How am I supposed to learn if I don’t engage and ask these questions though? Could all my questions be categorized as stupid? It sure feels like it.

“Human reproduction changed dramatically in the years following your … exit,” she says ignoring my Kanye-Toni references.

“Human reproduction has always been an undue burden for women. As shocking as someone from my time would find it, personally, I’ve got no problem how human reproductive technology has evolved here barring it’s not used unethically…or cruelly to further extreme fascist or white supremacist ideologies. I researched and weighed the pros and cons of pregnancy on my own when I considered it. I know what having a child does to the body and that’s not including all the socio-economic and civil rights disadvantages.” What are their genetic ethics, I wonder. “Regardless, I fought for reproductive, abortion, and civil rights my entire life, so, to see that they’ve advanced into this—I’ll have to think about it. This is … huge.” I reflect on this realizing something: “Do people still have periods? Or menopause?”

I digress. It may be trivial and self-serving to some, but not to me.

“Are you referring to menstruation?”


“Menstruation is no longer a biological necessity. Menopause is an archaic affliction.”

I throw my head back in laughter and clap maniacally, which earns me a quizzical look from her. It disappears quickly. “Bravo. A biotechnological miracle. The pain and the amount of money I spent on tampons and Aleve? The sick days I took? I started experiencing perimenopausal symptoms five years before I left and they were a bitch.” Attempting to wrap my head around the thirty-sixth century body and human reproduction, I proceed with my questions: “There are no families here?”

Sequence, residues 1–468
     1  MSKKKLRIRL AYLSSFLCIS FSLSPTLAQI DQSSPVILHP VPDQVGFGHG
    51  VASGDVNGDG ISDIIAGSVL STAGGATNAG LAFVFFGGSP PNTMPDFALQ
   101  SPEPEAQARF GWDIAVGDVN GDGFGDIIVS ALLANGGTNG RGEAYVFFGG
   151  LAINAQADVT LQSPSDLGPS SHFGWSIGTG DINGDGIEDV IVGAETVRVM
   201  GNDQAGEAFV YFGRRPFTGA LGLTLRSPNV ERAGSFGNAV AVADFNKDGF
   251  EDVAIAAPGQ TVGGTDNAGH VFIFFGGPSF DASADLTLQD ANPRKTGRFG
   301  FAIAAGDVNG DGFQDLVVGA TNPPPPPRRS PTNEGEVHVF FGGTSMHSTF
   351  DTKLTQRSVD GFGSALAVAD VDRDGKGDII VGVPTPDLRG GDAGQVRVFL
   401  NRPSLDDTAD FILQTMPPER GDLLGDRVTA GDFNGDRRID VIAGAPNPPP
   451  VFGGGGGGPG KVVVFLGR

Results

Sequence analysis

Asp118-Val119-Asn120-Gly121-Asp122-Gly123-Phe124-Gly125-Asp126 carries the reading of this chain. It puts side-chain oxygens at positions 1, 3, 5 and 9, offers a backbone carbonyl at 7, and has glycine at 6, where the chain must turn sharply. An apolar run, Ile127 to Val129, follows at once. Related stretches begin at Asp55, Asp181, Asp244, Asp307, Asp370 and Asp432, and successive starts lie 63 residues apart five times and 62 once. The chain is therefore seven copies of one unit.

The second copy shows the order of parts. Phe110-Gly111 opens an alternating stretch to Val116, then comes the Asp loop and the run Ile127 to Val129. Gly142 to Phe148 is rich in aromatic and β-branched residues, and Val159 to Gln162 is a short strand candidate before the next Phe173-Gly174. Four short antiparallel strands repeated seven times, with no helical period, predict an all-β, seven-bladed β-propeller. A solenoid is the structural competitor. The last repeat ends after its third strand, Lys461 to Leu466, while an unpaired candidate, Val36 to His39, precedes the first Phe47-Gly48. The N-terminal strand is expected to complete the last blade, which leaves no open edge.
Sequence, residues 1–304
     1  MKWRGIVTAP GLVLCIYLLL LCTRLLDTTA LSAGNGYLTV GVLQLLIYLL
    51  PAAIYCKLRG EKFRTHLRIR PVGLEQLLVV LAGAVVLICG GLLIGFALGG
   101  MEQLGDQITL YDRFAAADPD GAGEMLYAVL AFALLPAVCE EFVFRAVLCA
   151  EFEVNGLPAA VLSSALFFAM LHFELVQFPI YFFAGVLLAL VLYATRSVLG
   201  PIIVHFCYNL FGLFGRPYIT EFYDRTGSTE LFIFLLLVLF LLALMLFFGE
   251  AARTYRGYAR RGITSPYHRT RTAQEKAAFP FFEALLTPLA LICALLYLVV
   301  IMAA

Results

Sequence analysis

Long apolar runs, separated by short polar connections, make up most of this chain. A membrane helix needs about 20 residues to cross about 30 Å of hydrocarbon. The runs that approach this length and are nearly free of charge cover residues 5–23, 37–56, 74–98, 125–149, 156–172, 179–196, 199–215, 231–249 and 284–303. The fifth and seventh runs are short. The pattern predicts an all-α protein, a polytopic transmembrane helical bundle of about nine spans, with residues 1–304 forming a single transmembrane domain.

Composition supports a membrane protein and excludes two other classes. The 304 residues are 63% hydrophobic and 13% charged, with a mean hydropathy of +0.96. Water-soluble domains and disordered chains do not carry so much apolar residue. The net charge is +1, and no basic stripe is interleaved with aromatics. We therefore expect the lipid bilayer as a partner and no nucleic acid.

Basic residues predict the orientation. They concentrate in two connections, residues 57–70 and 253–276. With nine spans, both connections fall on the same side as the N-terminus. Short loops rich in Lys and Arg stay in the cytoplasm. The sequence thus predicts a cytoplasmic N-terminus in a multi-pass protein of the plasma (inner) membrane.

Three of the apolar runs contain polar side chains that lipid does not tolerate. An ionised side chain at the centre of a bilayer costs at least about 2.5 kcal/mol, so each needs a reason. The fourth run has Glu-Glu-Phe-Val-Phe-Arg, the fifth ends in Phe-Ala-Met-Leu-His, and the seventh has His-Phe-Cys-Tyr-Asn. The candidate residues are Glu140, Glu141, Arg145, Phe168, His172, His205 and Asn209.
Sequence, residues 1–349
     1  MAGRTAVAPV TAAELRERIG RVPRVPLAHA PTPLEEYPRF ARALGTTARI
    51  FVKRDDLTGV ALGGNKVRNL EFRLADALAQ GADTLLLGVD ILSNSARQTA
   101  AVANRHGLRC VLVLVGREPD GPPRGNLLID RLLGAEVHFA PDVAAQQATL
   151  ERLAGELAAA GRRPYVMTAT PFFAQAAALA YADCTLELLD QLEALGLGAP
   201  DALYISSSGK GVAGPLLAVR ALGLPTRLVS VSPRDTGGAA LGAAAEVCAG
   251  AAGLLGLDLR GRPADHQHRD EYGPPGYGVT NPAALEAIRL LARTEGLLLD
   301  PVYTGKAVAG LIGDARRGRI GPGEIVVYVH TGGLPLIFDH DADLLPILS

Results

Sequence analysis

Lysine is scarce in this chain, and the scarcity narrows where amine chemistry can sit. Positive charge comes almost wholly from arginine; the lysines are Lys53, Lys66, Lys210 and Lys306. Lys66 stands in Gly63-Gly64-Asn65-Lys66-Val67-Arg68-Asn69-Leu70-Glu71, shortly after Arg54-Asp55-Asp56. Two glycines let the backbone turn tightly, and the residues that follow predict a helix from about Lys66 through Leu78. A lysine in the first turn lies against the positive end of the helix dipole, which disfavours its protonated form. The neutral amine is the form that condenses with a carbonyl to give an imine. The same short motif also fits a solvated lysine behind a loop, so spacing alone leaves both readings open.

“Families are obsolete. Developmental nurturing is specialized and communal.”

“And not left to the whims of a couple of fucked up humans? So, it really does take a village. Applause and credit to Hillary for that.” I raise my fist in salute, which gets me another blank look.

“Uncontrolled, unregulated breeding had destructive effects on humanity eventually leading towards its deterioration.”

“Uncontrolled and unregulated?” I question the choice of her words. “Reeks of totalitarianism to me to take that choice away from people. We could philosophically debate whether or not it was a false choice for the majority, especially the poor and oppressed. I knew parents, mothers, that said that being a parent was the most rewarding experience of their lives. They swore by it and would’ve never given it up, which is why I’m confused on the hows and whys. I did read that having a baby physically alters the brain—I’m not sure of the veracity of that data, especially now.”

“That choice, as you say, became null to billions when virus and disease and white terrorism began to shape the human race and the lack thereof. Allowing something as essential as the cultivation of humanity’s most significant contribution to the universe to worsen and eventually end was not a choice scientists were willing to make.”